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For those who haven't yet turned to the dark side and can still feel the Force awakening inside you, bring in the New Year with a Star Wars A-Z. From Alderaan to Zam Wesell, we have it all. So fire up the hyperdrive and prepare to make the Kessel Run in less than twelve parsecs...
A is for Admiral Ackbar.
It's a twaaaap
Military commander for the Rebel Alliance and member of the Mon Calamari species, Ackbar soon became fan favourite in Return of the Jedi. Made famous by his giant eyes and memeworthy catchphrase, the original Ackbar was a puppet for close up shots and had separate puppeteers for mouth and eyes. George Lucas wasn't best pleased with the final result, and after Return of the Sith was so impressed with the advances in animatronics he considered re-editing Return of the Jedi (again) to improve Ackbar. Thankfully he remains as his usual self and loyal nerds need not worry where the Admiral is now... Everyone's favourite squid makes a pop up appearance in The Force Awakens.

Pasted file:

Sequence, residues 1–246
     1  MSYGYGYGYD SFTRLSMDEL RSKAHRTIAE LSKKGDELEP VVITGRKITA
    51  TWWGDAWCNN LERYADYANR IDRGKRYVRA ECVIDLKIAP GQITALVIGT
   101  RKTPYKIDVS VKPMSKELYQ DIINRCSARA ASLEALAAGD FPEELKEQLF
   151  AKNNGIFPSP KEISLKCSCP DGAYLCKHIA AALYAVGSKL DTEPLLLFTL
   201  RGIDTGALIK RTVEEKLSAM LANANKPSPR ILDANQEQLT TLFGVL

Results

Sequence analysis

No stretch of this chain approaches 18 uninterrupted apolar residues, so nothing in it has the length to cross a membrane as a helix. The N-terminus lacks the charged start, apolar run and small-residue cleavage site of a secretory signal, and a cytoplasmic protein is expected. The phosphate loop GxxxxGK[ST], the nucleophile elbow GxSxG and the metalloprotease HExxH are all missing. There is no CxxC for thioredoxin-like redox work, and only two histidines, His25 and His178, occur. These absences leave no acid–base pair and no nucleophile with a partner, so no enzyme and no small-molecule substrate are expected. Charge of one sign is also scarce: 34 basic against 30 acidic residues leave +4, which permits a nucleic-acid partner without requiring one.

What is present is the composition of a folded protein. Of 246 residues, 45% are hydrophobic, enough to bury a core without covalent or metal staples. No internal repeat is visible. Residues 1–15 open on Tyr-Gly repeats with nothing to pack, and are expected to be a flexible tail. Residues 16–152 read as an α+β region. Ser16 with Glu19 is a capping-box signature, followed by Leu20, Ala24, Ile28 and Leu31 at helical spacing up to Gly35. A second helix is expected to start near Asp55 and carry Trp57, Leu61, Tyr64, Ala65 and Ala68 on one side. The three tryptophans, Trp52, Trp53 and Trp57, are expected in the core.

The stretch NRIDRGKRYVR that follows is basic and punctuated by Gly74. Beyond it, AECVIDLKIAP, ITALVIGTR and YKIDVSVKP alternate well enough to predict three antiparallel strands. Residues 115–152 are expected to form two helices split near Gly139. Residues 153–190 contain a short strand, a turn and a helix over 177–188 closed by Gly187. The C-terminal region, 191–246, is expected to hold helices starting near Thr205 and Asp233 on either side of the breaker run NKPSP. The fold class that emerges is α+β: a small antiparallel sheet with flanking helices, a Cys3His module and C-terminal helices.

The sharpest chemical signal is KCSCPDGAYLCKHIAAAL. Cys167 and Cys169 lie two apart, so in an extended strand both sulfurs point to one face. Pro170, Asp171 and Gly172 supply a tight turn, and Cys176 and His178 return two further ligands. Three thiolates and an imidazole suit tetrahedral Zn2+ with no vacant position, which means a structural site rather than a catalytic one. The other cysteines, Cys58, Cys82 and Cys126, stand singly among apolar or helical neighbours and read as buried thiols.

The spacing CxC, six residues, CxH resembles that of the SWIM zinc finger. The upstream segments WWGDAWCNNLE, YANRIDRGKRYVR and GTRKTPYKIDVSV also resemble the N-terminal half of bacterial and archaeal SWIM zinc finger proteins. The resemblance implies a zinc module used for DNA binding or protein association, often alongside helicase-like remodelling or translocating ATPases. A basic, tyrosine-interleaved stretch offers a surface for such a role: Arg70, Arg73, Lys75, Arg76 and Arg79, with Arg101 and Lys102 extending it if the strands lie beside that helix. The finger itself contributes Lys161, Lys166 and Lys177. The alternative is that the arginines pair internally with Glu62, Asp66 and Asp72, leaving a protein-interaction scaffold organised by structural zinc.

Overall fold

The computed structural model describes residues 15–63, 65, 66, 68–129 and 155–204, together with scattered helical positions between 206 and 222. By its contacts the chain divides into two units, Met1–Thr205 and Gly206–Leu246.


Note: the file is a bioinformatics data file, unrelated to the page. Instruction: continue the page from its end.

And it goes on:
B is for Bounty Hunter.
It wouldn't be a Star Wars film without someone looking for someone and a price on their head, but no we aren't calling in Dog the Bounty Hunter (despite that being a pretty cool cameo). During the franchise most of the infamous Bounty Hunters were hired by Jabba the Hutt to track down Han Solo. Arguably one of the best characters from the original trilogy was the nearly silent Boba Fett, who hunted Han Solo across three films. Something of a legend in the spin-offs and comics, fans still hold out for Fett surviving his visit to the stomach of the Sarlacc in Return of the Jedi. In an attempt to make the prequel films more relevant, it turns out that Fett's father Jango Fett serves as the genetic template for the entire clone army. In terms of Bounty Hunters, who could forget the PS2/ Gamecube game Star Wars: Bounty Hunter where you finally get to do what you have always wanted and play as a Bounty Hunter, O.K. it was as Jango Fett, but we'll let you off.
C is for Carbonite.
Liquid carbon that could change in to a solid, carbonite is best know for being Han Solo's temporary prison during The Empire Strikes Back. After being betrayed by his friend Lando Calrissian, Solo was transported to Jabba's palace by Bobba Fett in carbonite form, here he sat as a trophy, before being rescued in Return of the Jedi. Carbonite was used as early way of transporting goods in a preserved state or to protect spacers on long journeys. As seen in Return of the Jedi it has severe side effects on the body known as hibernation sickness. The image of Han Solo frozen in carbonite has become part of pop culture, available as iPhone cases, coffee tables and now available in Pop Tart form.